58.2 F
Los Angeles
Monday, April 22, 2024

Arrests of Europeans for Aiding Russia Raise Fears of Kremlin’s Reach

The authorities in Poland and Germany have arrested at...

How the Movie “Civil War” Echoes Real Political Anxieties

One subject seems to be unifying the right and...

India to Redo Election Voting at Polling Stations Hit by Violence

India’s election authorities have directed officials to redo voting...

U.S. Strikes Test Iran’s Will to Escalate

U.S.U.S. Strikes Test Iran’s Will to Escalate

As Iran and the United States assessed the damage done by American airstrikes in Syria and Iraq on Friday, the initiative suddenly shifted to Tehran and its pending decision whether to respond or to take the hit and de-escalate.

The expectation in Washington and among its allies is that the Iranians will choose the latter course, seeing no benefit in getting into a shooting war with a far larger power, with all the risks that implies. But it is not yet clear whether the varied proxy forces that have conducted scores of attacks on American bases and ships — and that rely on Iran for money, arms and intelligence — will conclude that their interests, too, are served by backing off.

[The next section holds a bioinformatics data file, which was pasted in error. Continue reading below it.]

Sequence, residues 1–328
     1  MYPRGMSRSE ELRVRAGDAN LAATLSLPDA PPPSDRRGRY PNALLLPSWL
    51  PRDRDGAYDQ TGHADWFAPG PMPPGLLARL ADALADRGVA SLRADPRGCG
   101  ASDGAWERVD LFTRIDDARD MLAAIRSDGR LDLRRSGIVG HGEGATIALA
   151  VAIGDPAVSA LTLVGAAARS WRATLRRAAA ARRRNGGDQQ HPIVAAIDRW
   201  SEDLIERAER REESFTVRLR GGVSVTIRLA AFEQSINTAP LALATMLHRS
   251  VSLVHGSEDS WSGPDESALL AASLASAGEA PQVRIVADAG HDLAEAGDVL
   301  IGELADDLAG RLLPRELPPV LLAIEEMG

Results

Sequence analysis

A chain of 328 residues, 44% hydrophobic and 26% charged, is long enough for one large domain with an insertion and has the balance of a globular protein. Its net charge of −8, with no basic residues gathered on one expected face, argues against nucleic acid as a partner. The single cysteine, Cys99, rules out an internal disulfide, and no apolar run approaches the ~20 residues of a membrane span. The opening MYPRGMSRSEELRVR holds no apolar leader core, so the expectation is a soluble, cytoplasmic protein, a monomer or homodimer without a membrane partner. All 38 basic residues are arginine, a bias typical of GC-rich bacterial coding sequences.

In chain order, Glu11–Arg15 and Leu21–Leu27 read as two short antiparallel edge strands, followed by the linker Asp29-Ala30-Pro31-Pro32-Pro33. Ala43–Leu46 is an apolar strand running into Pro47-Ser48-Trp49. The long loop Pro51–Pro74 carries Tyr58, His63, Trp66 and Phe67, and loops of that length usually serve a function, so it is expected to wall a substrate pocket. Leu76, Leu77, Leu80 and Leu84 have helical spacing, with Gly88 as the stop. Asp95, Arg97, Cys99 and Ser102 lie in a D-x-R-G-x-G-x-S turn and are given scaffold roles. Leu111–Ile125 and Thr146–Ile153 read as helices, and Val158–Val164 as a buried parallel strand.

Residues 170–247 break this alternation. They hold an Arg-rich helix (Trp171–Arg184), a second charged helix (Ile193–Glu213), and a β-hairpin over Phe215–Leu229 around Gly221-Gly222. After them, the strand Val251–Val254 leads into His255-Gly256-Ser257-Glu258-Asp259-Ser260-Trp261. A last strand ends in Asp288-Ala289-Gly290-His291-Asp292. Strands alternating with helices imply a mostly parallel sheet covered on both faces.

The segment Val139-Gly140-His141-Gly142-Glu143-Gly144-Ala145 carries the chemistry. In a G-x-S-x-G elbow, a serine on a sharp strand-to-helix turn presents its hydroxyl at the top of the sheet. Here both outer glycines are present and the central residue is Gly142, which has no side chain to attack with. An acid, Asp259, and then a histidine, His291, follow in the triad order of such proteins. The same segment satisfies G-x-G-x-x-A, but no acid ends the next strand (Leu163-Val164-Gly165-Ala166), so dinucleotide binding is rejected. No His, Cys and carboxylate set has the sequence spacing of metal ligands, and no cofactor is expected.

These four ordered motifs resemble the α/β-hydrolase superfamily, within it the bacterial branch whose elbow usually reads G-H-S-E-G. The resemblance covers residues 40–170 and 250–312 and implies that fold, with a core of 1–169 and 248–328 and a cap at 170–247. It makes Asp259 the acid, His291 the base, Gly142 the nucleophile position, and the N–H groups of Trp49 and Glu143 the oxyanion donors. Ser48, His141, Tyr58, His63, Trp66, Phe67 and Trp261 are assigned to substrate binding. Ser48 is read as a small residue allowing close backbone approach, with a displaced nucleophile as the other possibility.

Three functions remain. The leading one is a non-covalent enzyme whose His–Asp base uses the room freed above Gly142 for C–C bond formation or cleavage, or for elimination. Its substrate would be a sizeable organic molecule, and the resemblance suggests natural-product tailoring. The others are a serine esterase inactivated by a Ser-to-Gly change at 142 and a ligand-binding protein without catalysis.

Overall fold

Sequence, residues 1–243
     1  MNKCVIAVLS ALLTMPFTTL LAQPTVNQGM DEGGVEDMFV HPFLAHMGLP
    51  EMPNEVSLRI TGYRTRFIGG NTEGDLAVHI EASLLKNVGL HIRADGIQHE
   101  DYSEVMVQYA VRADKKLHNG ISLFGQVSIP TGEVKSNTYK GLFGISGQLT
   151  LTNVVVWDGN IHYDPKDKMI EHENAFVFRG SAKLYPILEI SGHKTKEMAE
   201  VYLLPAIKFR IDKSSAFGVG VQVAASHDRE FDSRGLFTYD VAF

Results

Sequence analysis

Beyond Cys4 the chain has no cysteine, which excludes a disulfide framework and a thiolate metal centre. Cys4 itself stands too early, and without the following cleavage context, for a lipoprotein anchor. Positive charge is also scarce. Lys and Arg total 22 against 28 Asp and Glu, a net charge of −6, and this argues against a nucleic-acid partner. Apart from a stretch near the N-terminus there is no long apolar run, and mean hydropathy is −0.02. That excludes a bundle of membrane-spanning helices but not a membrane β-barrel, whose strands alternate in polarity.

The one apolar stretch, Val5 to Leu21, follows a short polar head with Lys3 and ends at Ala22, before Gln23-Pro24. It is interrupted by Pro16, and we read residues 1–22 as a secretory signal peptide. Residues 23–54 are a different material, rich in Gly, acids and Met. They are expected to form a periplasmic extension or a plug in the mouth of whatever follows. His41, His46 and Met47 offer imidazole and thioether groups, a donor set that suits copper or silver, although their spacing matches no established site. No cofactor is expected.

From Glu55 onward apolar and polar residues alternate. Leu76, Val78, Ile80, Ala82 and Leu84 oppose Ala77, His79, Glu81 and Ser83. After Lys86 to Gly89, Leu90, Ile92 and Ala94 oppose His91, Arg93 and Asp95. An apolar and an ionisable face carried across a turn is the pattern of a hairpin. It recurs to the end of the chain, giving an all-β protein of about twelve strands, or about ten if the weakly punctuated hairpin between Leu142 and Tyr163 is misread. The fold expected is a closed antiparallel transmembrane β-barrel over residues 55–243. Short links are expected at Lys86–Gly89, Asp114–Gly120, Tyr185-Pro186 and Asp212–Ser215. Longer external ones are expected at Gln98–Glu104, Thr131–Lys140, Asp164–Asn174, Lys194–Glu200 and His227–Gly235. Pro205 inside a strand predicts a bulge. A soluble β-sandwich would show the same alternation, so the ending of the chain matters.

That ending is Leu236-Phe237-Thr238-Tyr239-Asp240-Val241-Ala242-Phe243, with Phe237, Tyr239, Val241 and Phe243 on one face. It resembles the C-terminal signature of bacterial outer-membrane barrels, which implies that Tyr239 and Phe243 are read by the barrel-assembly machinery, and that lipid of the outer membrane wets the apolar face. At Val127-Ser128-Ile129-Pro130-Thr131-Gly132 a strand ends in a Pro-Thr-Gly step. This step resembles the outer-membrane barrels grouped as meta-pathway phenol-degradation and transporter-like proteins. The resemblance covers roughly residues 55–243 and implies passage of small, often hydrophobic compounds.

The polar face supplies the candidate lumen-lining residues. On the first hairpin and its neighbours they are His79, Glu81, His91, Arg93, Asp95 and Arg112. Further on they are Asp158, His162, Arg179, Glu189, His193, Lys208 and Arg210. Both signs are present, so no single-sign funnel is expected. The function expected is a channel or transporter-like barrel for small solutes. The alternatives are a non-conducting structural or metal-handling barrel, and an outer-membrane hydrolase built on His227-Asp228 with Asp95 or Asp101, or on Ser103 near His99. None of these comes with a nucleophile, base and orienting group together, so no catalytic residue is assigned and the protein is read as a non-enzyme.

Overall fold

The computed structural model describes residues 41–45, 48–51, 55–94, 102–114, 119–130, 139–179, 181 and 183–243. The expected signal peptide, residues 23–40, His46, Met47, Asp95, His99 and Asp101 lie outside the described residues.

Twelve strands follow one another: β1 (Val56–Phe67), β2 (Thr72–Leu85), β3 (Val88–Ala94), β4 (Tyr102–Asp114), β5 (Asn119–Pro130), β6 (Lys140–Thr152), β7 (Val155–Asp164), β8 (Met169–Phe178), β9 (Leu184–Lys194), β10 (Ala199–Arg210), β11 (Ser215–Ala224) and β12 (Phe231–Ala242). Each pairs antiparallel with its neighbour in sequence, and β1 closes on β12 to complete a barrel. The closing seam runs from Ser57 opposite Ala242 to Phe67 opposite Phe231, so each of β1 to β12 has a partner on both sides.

The Houthis, an Iran-backed rebel group that controls parts of Yemen, have continued to attack ships in the Red Sea despite a series of American strikes, including one on Saturday, meant to deter them.

Friday’s strikes were largely in retaliation for a drone attack by an Iran-backed militia that killed three American soldiers in Jordan on Jan. 28. The United States hit back at that group and several other Iran-backed militias with 85 targeted strikes. In the aftermath, American officials insisted there was no back-channel discussion with Tehran, no quiet agreement that the United States would not strike directly at Iran.

“There’s been no communications with Iran since the attack,” John F. Kirby, a spokesman for the National Security Council, told reporters on a call on Friday night after the retaliatory strikes were completed.

But even without direct conversation, there has been plenty of signaling, in both directions.

President Biden is engaged in a military, diplomatic and election-year gamble that he can first restore some semblance of deterrence in the region, then help orchestrate a “pause” or cease-fire in Gaza to allow for hostage exchanges with Israel and then, in the biggest challenge of all, try to reshape the dynamics of the region.


Check out our other content

Check out other tags:

Most Popular Articles